Businesses have turned to cloud computing for many things—for example, data storage, infrastructure as a service (IaaS) and analytics. But as cloud adoption grows, bad actors are focusing their efforts on exploiting common cloud vulnerabilities. (Also read: How to Prepare for the Next Generation of Cloud Security.)
The cloud isn’t going anywhere—so as the threat landscape develops, businesses must ensure they do their part to maintain a secure cloud environment to keep themselves, their clients and their supply chain safe from cyberattack.
On that note, here are five common vulnerabilities that put cloud customers at risk:
1. Misconfigured Settings
Misconfigured settings are often the cause of data breaches in the cloud, with 68% of enterprises now recognizing this as a leading concern relating to cloud security. (Also read: Data Breach Notification: The Legal and Regulatory Environment.)
Since cloud services are designed to make things fast and convenient, access to data may not be as restricted as it should be. And this can open a lot of doors to unauthorized access.
When you work with a cloud provider, you adopt what’s called a “shared responsibility model”—and because of this some may assume it’s is the cloud provider’s responsibility to handle all your security. However, more often than not, configuration will be down to the organization.
This means your company’s IT team needs to review all the settings and permissions and ensure fundamental security controls are covered. This includes limiting access, setting up multi-factor authentication (MFA) and making use of any logging and monitoring tools offered as these can help you track and manage what’s going on.
Regularly checking your cloud audits is also a good idea—to ensure there’s been no suspicious or anomalous activity relating to misconfigured settings.
2. Poor Data Quality Management
It can be harder to maintain visibility over all your data when it’s held within the cloud, which is why it’s especially important to ensure you’ve correctly labeled and categorized your data by order of sensitivity. (Also read: Smart Data Management in a Post-Pandemic World.)
When you have this information, you can then decide on suitable levels of security, keeping access more restricted for highly sensitive data.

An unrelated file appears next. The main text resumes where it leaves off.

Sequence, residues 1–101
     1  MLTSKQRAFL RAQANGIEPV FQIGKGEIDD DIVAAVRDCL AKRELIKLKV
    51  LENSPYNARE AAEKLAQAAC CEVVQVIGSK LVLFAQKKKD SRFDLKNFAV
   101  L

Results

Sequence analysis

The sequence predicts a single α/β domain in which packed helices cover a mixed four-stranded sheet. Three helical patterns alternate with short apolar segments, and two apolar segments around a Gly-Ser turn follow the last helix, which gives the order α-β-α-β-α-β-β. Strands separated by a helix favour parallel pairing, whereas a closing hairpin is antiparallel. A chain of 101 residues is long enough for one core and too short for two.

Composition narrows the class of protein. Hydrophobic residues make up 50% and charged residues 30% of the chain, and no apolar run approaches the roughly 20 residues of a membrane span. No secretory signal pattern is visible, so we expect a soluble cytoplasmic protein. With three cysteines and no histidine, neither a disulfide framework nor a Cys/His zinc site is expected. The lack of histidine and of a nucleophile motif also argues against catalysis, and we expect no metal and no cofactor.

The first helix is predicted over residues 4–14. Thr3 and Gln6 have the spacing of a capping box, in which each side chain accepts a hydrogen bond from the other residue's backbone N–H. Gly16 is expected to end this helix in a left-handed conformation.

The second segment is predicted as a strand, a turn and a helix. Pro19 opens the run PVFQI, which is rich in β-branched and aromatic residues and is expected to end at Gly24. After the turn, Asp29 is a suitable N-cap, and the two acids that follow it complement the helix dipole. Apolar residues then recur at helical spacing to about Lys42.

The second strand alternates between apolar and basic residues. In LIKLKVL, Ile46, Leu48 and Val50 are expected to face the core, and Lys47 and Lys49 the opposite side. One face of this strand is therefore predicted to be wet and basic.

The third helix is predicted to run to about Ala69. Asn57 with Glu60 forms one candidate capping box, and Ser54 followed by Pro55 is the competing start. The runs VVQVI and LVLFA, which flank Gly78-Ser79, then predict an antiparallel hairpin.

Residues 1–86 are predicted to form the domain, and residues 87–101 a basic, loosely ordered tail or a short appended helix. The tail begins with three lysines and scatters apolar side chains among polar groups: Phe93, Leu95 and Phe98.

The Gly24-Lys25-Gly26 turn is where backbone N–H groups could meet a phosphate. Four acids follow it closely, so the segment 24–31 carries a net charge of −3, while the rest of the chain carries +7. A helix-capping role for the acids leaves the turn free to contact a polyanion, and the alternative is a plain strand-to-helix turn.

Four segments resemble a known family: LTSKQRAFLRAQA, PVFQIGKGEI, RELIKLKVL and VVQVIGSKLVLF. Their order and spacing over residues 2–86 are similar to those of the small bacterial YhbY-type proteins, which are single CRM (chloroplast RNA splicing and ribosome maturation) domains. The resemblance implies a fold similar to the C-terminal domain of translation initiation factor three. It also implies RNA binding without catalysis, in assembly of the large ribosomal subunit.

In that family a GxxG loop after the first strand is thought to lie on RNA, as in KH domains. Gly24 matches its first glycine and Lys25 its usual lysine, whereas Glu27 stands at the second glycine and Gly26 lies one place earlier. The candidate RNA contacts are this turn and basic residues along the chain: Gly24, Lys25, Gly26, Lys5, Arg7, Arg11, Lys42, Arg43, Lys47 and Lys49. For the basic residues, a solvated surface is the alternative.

Cloud services also make data sharing very easy; but this can be a security problem if not managed correctly. Administrators can configure data sharing access, so it’s a good idea to consider which data should retain these capabilities and which should not. You should also put limitations on the devices that can download your corporate data, as companies can often overlook that aspect.
Finally, ensuring data is as secure as possible while in transfer is imperative for cloud users. The cloud makes it difficult to monitor or intercept traffic, lowering visibility on data transfer, so it’s important to make sure it is properly encrypted. Client-side encryption is best because this will encrypt the data on your side before it is even transmitted to cloud servers.
3. Insufficient Employee Training
Educating staff on best practices and security fundamentals in relation to the cloud is extremely important. (Also read: Encryption Just Isn’t Enough: Critical Truths About Data Security.)
Some hackers will even use cloud-based services as the subject of their phishing emails—for example, sending a malicious link that appears to be from Google Drive or OneDrive, which then asks for confirmation of credentials to access the document. Staff need to understand how to spot these kinds of threats and understand other key risks that could harm the business, like shadow IT.
The use of unknown software and devices on a company network causes a lot of problems for organizations, as it’s near impossible to have complete visibility especially with a larger number of remote workers.
Nearly 80% of workers admit to using software as a service (SaaS) applications at work without approval from IT and, often, these apps are cloud-based. Unsecured devices and software can lead to data loss and vulnerabilities, so staff must be educated to minimize these serious potentialities.
4. Inadequate Security Policies
Written policies help to document rules and regulations for users so it is clear how they should be using cloud applications securely.
A cloud security policy should outline:
- Who can use the cloud.
- What data should be stored in the cloud.
- What the correct procedures and best practices are for the cloud’s secure usage.
All employees should be required to review the policies and they should be periodically checked and updated if need be.
5. Choosing the Wrong Provider
There are a lot of cloud providers out there. But choosing one that values security will benefit you and your organization hugely. (Also read: 5 Questions Businesses Should Ask Their Cloud Provider.)
Checking to see if the cloud vendor is aligned with recognized security standards is a good place to start, as is checking for other important functionalities and capabilities—like authentication methods, data encryption, disaster recovery and technical support.
Working from the cloud can be a huge asset for teams big and small. But as adoption of these kinds of services grows, it’s essential that security is not compromised for convenience.
Robust cybersecurity requires implementing the right tools and procedures—and by doing so, you allow your business to reap all the benefits cloud computing has to offer while minimizing the chance of cyberattack and protecting your organization and its employees.